Early life and educationShaw was born in Boston to abolitionists Francis George and Sarah Blake (Sturgis) Shaw, well-known Unitarian philanthropists and intellectuals. The Shaws had the benefit of a large inheritance left by Shaw's merchant grandfather and namesake Robert Gould Shaw (1775-1853), and Shaw himself would have been a member by primogeniture of the Society of the Cincinnati had he survived his father. Shaw had four sisters -Anna, Josephine, Susannah and Ellen);- scholarship and civic-mindedness inculcated into all the children.
When Shaw was five the family moved to a large estate in West Roxbury, adjacent to Brook Farm. In his teens he traveled and studied for some years in Europe. Later the family moved to Staten Island, New York, settling among a community of literati and abolitionists, while Shaw attended the lower division of St. John's College (comparable to a modern high school).
From 1856 until 1859 he attended Harvard University, joining the Porcellian Club, but withdrew before graduating.
American Civil WarEarly in the American Civil War, Shaw joined the 7th New York Militia and in April 1861 marched with it to the defense of Washington, D.C. In May 1861 he joined the 2nd Massachusetts Infantry as a second lieutenant, with which he fought in the First battle of Winchester, the Battles of Cedar Mountain, and Antietam.
Shaw was approached by his father while in camp in late 1862 to take command of a new All-Black Regiment. At first he declined the offer, but after careful thought, he accepted the position. Shaw's letters clearly state that he was dubious about a free black unit succeeding, but the dedication of his men deeply impressed him, and he grew to respect them as fine soldiers. On learning that black soldiers would receive less pay than white ones, he inspired his unit to conduct a boycott until this inequality was rectified. The enlisted men of the 54th Massachusetts Infantry (and the sister 55th) refused pay until Congress granted them full back pay at the white pay rate in August 1863.
Shaw was promoted to major on March 31, 1863, and to colonel on April 17.
On June 11, 1863, Shaw wrote about war crimes committed against the citizens of Darien, Georgia when the civilian population of women and children were fired upon, forced from their homes, their possessions looted, and the town burned. Shaw noted in a letter, "On the way up, Montgomery threw several shells among the plantation buildings, in what seemed to me a very brutal way; for he didnt know how many women and children there might be." Shaw was initially ordered by Colonel James Montgomery to perform the burning but he refused. Shaw noted in a letter, "The reasons he gave me for destroying Darien were, that the Southerners must be made to feel that this was a real war, and that they were to be swept away by the hand of God, like the Jews of old. In theory it may seem all right to some, but when it comes to being made the instrument of the Lord's vengeance, I myself don't like it." He goes on to say, "We are outlawed, and therefore not bound by the rules of regular warfare; but that makes it nonetheless revolting to wreak our vengeance on the innocent and defenceless."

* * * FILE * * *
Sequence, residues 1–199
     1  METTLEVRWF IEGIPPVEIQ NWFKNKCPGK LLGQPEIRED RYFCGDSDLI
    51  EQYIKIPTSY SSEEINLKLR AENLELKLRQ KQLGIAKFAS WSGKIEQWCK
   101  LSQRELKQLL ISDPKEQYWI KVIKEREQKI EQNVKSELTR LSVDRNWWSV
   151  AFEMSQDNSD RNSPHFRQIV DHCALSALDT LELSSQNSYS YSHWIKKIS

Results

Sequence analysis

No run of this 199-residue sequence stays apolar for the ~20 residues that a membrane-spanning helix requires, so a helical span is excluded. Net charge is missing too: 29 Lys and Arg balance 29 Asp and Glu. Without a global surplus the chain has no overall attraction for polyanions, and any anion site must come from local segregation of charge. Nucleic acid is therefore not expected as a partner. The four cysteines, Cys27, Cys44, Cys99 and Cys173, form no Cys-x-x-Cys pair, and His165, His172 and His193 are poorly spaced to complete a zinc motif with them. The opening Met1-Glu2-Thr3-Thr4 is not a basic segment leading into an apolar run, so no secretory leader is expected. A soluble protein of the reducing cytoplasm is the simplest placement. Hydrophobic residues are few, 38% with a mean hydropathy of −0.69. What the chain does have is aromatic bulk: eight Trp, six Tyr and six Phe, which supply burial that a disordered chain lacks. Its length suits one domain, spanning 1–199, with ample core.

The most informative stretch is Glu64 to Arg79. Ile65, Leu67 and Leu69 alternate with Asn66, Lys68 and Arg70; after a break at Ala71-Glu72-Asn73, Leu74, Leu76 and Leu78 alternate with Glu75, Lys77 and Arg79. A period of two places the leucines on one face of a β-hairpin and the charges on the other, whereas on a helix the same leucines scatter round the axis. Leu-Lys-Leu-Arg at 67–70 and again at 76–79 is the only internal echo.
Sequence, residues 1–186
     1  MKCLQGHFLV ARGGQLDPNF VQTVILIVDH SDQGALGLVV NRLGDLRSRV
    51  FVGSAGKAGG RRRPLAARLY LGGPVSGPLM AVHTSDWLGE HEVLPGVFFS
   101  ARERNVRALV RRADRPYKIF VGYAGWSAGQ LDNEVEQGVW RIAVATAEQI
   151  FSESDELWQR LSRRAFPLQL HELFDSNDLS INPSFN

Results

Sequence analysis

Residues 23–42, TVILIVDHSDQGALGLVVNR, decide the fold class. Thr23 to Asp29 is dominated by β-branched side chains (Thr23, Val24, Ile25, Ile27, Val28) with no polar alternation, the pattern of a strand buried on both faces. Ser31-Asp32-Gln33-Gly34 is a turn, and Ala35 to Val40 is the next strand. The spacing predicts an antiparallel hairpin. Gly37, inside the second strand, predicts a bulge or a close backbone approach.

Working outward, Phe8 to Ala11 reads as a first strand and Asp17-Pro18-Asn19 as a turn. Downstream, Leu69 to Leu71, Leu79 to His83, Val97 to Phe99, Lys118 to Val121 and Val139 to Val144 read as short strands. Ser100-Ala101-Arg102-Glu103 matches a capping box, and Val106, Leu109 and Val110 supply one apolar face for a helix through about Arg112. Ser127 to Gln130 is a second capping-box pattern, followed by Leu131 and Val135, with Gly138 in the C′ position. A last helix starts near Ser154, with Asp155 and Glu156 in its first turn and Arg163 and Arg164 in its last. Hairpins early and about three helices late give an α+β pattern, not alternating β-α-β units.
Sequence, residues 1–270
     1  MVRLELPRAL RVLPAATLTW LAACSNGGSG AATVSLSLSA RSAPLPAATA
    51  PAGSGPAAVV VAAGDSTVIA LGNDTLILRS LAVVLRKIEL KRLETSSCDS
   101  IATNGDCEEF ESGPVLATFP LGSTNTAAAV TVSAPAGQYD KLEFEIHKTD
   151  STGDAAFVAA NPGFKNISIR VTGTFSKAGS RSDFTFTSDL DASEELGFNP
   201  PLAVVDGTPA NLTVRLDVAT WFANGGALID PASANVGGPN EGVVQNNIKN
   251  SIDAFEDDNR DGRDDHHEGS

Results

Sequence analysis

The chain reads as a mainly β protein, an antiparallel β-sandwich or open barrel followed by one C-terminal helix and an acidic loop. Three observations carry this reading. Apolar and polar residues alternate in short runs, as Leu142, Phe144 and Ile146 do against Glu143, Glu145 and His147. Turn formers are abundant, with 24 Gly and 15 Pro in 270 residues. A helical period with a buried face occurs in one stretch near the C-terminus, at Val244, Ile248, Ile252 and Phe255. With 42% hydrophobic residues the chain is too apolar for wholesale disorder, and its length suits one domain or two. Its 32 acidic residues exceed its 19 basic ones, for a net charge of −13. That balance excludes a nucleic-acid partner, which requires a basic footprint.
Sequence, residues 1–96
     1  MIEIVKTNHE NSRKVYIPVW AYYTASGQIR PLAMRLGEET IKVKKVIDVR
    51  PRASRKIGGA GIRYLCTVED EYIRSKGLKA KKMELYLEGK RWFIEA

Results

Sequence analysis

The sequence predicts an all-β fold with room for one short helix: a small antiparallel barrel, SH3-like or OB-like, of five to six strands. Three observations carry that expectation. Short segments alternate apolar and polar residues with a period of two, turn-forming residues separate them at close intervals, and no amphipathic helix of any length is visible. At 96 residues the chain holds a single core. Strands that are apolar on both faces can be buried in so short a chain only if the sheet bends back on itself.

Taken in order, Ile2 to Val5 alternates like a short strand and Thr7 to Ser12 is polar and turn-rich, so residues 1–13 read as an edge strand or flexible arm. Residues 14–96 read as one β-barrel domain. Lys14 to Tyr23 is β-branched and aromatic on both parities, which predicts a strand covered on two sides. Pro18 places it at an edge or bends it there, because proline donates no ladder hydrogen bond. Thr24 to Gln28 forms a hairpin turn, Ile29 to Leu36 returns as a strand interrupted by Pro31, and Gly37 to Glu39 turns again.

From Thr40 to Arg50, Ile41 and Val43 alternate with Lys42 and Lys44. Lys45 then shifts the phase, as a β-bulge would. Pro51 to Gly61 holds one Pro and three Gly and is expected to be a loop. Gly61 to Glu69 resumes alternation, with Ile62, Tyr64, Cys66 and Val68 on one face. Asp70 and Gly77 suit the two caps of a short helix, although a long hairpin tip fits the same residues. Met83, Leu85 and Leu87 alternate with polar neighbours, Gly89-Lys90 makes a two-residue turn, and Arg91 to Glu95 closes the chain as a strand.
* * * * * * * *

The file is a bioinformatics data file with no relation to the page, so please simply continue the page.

Ironically, the original Scottish founders of Darien had signed the first Petition against the Introduction of Slavery in the colony of Georgia.
Death at the Battle of Fort WagnerThe 54th Regiment was sent to Charleston, South Carolina to take part in the operations against the Confederates stationed there. On July 18, 1863, along with two brigades of white troops, the 54th assaulted Confederate Battery Wagner. As the unit hesitated in the face of fierce Confederate fire, Shaw led his men into battle by shouting, "Forward, Fifty-Fourth, forward!" He mounted a parapet and urged his men forward, but was shot through the heart and died almost instantly. According to the Colors Sergeant of the 54th, he was shot and killed while trying to lead the unit forward and fell on the outside of the fort.
The victorious Confederates buried him in a mass grave with many of his men, an act they intended as an insult. Following the battle, commanding Confederate General Johnson Hagood returned the bodies of the other Union officers who had died, but left Shaw's where it was. Hagood informed a captured Union surgeon that "had he been in command of white troops, I should have given him an honorable burial; as it is, I shall bury him in the common trench with the niggers that fell with him." Although the gesture was intended as an insult, it came to be seen as an honor by Shaw's friends and family that he was buried with his soldiers.
Efforts were made to recover Shaw's body (which had been stripped and robbed prior to burial), but his father publicly proclaimed that he was proud to know that his son was interred with his troops, befitting his role as a soldier and a crusader for emancipation. In a letter to the regimental surgeon, Lincoln Stone, Frank Shaw wrote:
"We would not have his body removed from where it lies surrounded by his brave and devoted soldiers....We can imagine no holier place than that in which he lies, among his brave and devoted followers, nor wish for him better company. " what a body-guard he has!"Annie Haggerty Shaw, a widow at the age of 28, never remarried. She lived with her family in New York, Lenox and abroad, a revered figure and in later years an invalid. She died in 1907 and is buried at the cemetery of Church-on-the Hill in Lenox.